“I had a verbal agreement with [the landlord] that I would pay the money owed when I received my workman’s comp check for $10,000. I received the check and it was dated March 7, 2020, and I could not cash or deposit it because it was already 120 days old. Due to court being backed up due to the coronavirus. I am waiting on my new check to be mailed to me. [The landlord] went against their verbal agreement and evicted me on Monday, July 27th; even though I have lived there since 2005. I have always paid my rent on time during the 15 years I have resided at the residence. I did not receive my entitled compensation on time due to the coronavirus and this is why my rent has not been paid. If not for the pandemic the rent would have never been late. I was also charged $600 eviction fee and I was told to leave by July 27th even though I am being charged for the whole month of July. As a hardworking, law-abiding citizen, I am being forced to move into a hotel and being evicted despite the verbal agreement with [the landlord]. I am working full time again as an essential worker but [the landlord] is still evicting me when I am receiving the money to resolve the past due rent.”


Ways to evict tenants. 3 types of legal eviction proceedings are used in Arkansas:

  1. Unlawful detainers, which are tracked through Court Connect. The above tenants were all sued in unlawful detainer.
  2. Civil evictions are pursuant to Ark. Code Ann. § 18-17-901, most of which are not tracked on Court Connect, because most district courts are not on Court Connect. Not all district courts hear these types of evictions. No one knows how many do or don’t.
  3. Failure to vacate criminal offenses heard by district courts, most of which are not tracked on Court Connect, because most district courts are not on Court Connect. Not all district courts allow this type of charge to be brought. No one knows how many do. Arkansas is the only state that makes what is essentially nonpayment of rent to be a crime.
    If a tenant lives in a jurisdiction that allows more than one type of eviction procedure, who decides which will be used? The landlord.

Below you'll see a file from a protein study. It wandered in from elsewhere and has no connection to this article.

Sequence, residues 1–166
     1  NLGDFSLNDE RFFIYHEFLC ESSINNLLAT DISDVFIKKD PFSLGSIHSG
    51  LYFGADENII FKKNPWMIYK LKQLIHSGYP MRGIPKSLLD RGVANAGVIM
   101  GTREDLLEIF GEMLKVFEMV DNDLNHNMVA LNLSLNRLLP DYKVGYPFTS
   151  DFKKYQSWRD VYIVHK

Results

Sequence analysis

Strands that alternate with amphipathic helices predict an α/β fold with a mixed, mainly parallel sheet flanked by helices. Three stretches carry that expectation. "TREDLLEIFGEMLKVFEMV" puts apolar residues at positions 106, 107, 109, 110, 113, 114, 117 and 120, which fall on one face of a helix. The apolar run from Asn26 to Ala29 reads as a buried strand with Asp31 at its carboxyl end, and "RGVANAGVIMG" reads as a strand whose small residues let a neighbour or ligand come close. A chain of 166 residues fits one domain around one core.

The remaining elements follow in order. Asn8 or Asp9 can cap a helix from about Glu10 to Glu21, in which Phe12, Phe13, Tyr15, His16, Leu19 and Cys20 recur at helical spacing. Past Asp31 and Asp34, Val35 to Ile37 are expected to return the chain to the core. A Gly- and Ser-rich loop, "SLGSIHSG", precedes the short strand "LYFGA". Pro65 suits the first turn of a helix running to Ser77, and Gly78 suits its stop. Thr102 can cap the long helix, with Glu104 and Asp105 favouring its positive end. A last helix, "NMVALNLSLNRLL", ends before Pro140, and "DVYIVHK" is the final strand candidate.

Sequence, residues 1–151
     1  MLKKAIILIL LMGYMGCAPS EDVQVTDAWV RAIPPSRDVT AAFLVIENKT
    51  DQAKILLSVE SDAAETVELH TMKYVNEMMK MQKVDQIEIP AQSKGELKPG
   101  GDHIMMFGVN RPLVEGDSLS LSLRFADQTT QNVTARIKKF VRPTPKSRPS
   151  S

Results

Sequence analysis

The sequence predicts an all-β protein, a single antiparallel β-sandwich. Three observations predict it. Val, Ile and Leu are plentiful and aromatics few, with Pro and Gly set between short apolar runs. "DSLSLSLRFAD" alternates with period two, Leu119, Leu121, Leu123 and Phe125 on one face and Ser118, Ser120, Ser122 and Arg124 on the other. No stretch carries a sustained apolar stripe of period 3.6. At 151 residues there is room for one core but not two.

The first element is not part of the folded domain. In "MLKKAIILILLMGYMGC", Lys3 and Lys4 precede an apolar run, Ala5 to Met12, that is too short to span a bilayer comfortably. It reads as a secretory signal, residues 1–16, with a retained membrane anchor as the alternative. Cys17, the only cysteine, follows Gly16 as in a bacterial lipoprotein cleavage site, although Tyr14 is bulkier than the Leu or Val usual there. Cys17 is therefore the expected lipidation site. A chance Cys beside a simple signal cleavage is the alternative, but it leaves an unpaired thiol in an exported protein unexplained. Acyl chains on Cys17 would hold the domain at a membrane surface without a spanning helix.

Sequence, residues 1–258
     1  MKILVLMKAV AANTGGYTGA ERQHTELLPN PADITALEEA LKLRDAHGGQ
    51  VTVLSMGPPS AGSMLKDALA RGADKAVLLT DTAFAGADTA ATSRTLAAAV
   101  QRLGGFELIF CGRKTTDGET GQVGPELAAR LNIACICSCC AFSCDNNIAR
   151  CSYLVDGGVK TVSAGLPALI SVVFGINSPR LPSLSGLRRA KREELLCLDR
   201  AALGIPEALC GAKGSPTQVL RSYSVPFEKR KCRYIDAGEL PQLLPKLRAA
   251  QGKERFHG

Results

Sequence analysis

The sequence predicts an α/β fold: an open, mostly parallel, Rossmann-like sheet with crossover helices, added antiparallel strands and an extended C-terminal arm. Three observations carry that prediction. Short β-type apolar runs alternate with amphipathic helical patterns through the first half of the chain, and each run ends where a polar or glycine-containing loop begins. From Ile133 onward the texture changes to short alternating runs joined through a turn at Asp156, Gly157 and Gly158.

Counties that filed the most evictions in July:

  • Pulaski: 92
  • Craighead: 30
  • Washington: 25
  • Crawford: 17
  • Benton: 14


  • Trinity Property Management in Springdale
  • Highpoint Apartments in Fayetteville
  • Jordan Living Apartments in Fayetteville
  • Maple Manor Apartments in Fayetteville
  • Shadow Lake Apartments in Russellville
  • The Ridge at Texarkana Apartments in Texarkana
  • Willow Bend Apartments in Jacksonville
  • Pleasant Ridge Apartments in Little Rock
  • Auxora Arms Apartments in Little Rock
  • McKenzie Part Apartments in Little Rock
  • West Wood Apartments in Little Rock
  • Canopy Apartments in Little Rock

In July, three writs of possession were issued against tenants living in Jordan Living Apartments in Fayetteville, which is a
Freddie-Mac mortgage-backed property.

Foster found that more women tenants are evicted compared to men tenants or couples.

  • April: 60 evictions of all types (50%) were filed against women.
  • May: 68 of 154 evictions of all types (43%) were filed against women.
  • June: 118 of 228 civil evictions (52%) were filed against women.
  • July: 136 of 270 civil evictions (60%) were filed against women.

April through July Writs of Possession Issued

In May, Governor Asa Hutchinson said, “If you can’t pay your rent because of losing your job, lack of income, or because of COVID-19, there is help for you.”

“Tenants who face eviction must apply for aid from local community agencies,” said Foster. “For example, in Pulaski County and 18 other counties covered by the Central Arkansas Development Council (CADC) the maximum available is $500.”

A total of $170 million would be needed, according to the National Low Income Housing Coalition (NLIHC). From May to September 2020, $52.5 million would be needed for 126,027 renters. October to December, $40.7 million will be needed for 98,850 renters.

NLIHC: “Across Arkansas, there is a shortage of rental homes affordable and available to extremely low income households (ELI), whose incomes are at or below the poverty guideline or 30% of their area median income (AMI). Many of these households are severely cost burdened, spending more than half of their income on housing. Severely cost burdened poor households are more likely than other renters to sacrifice other necessities like healthy food and healthcare to pay the rent, and to experience unstable housing situations like evictions.”


  • For the state to set up a web page for rent assistance and publicize it.
  • Have a central source where tenants apply, online.
  • Allow assistance to continue for those who can’t find new jobs ore return to their old jobs immediately.
  • Set qualifications so more people are eligible.

A CLOSER LOOK: Arkansas evictions during COVID-19; tenant stories